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VAT Implications of Brexit

Investing in the UK was traditionally both an investment in a large modern economy as well as a smooth gateway into the EU, one of the world’s foremost trading blocks.  For those outside the EU the bemusement at the British people's decision to leave will now be tempered with a cold hard look at what the UK can still offer. Inward investors will have to consider whether the UK is the best bet or whether a split approach is required. 

Within the government, there are contrary opinions of the future of the UK’s economy with or without a free trade deal. 

Much has been said about World Trade Organisation rules and free trade. This is an important issue as customs duty tariffs will increase trade costs and need to be factored into future business models. However, the VAT changes that will occur as of the first day of Brexit are not so frequently debated and are probably less well understood, maybe even within certain parts of the government.

Many businesses though are waking up to the disruptive effect of these changes as they realise just how tied into the EU VAT regime the UK is.  UK VAT rules are based on the EU model set out in the VAT Directive which applies a standard set of VAT rules across the current 28 countries. More importantly, these rules regulate and ease trade between the member states and it is some of these rules that will change immediately and significantly upon Brexit, resulting in immediate issues for businesses.

The services sector will be impacted, in some specific cases significantly, but the greater impact will arguably be felt by those trading in goods.  The EU VAT rules currently make trading with other EU countries simpler, VAT is less of a cash-flow item and there are specific easements and simplifications to address complex trading patterns (triangulation, temporary movement of goods etc.) and to keep goods and deals moving.  Granted, there are some nuisance reporting requirements (EC Sales Lists, Intrastats) that will disappear, but it is likely some similar form of trade reporting will be needed by the post-Brexit Treasury and Trade and Industry departments, as well as EU countries on the other side.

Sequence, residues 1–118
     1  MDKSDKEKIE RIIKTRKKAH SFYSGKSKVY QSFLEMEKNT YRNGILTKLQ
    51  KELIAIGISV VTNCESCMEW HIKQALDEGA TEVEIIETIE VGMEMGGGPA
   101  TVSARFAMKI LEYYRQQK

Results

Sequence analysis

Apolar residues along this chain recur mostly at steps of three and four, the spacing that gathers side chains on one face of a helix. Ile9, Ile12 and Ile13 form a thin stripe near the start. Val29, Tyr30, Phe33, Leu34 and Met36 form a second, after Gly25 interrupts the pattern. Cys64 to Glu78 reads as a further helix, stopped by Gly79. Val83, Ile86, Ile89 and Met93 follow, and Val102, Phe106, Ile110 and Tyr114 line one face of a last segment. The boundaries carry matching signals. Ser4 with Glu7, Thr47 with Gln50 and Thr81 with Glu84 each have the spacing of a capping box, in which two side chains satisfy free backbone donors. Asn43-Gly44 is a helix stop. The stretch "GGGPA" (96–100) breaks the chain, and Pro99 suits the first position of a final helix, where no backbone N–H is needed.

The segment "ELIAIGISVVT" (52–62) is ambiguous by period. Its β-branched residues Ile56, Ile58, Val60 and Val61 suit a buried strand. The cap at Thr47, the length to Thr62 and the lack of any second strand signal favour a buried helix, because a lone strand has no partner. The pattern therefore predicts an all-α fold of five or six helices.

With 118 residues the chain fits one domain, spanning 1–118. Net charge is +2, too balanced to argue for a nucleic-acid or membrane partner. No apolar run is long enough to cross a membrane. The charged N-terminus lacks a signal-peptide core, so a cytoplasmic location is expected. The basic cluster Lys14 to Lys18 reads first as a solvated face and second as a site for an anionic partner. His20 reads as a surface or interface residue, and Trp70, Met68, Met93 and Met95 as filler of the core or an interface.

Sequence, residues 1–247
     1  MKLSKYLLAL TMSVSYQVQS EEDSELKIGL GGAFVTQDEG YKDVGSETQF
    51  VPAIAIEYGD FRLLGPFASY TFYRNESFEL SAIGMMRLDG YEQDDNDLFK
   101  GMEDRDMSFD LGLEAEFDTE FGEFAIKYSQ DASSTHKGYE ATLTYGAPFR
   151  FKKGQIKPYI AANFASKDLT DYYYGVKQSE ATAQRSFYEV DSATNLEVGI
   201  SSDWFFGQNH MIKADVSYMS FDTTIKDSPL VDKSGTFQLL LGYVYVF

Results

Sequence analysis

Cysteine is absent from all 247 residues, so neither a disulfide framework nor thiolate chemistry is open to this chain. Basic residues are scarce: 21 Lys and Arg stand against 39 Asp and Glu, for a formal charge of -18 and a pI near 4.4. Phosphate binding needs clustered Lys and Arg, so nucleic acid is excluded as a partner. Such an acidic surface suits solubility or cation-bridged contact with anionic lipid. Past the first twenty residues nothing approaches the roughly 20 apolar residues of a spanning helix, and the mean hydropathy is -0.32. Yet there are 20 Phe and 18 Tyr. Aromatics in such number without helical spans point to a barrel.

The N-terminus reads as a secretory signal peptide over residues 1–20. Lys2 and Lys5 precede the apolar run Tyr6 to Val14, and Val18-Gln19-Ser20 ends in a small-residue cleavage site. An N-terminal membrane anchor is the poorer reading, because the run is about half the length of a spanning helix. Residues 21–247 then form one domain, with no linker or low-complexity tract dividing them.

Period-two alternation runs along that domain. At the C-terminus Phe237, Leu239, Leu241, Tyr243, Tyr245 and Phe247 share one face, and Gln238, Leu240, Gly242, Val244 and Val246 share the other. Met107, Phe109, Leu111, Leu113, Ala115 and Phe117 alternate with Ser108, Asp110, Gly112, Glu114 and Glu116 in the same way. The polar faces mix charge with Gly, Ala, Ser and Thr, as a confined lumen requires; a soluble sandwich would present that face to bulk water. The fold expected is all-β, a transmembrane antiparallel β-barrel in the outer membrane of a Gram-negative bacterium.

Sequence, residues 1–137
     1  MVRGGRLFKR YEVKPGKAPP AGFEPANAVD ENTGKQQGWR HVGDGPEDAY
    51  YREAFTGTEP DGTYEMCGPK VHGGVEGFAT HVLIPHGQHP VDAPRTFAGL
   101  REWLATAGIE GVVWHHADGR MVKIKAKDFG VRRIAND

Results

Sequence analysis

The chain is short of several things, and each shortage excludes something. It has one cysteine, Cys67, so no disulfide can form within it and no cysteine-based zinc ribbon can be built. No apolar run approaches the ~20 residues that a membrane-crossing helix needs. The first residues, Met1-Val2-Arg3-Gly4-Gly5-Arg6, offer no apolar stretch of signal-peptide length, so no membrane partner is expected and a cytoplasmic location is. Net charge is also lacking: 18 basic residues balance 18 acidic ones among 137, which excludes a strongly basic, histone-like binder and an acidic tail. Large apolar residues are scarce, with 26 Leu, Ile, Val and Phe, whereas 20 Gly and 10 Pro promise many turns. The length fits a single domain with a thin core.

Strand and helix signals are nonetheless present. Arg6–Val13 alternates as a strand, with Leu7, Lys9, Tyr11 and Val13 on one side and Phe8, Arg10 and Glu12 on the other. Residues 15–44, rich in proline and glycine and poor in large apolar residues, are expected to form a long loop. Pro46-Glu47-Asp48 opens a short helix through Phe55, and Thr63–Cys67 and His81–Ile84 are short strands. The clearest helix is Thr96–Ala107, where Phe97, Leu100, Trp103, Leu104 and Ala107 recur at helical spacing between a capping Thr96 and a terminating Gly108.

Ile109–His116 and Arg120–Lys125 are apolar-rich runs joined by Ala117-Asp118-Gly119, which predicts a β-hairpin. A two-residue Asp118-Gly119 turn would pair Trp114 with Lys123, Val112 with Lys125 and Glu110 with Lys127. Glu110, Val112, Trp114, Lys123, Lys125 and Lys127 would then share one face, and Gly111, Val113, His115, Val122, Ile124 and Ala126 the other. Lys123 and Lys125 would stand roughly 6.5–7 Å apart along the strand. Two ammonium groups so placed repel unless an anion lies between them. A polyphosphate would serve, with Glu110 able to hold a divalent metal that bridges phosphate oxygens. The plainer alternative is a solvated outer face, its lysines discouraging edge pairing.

From large businesses with EU-wide supply chains to smaller players operating online the effects will be felt widely.  The new rules will need review on both sides of the new UK-EU border.  The financial industry already faces a strong incentive to relocate at least some functions to the EU.  Will there be a similar VAT incentive for other businesses?  Can this be avoided? What contingency plans will permit businesses to best ride out the looming VAT and customs duty issues?  Will such plans themselves have other tax and business consequences? 

There is much to consider over the next two years and as yet there is no certainty, except one; the time will pass all too quickly.

If you would like to discuss any VAT or indirect tax matters further, please get in touch with me or your usual Mercer & Hole contact. 

 

 

Date: 2nd May, 2017
Author: Richard Collier

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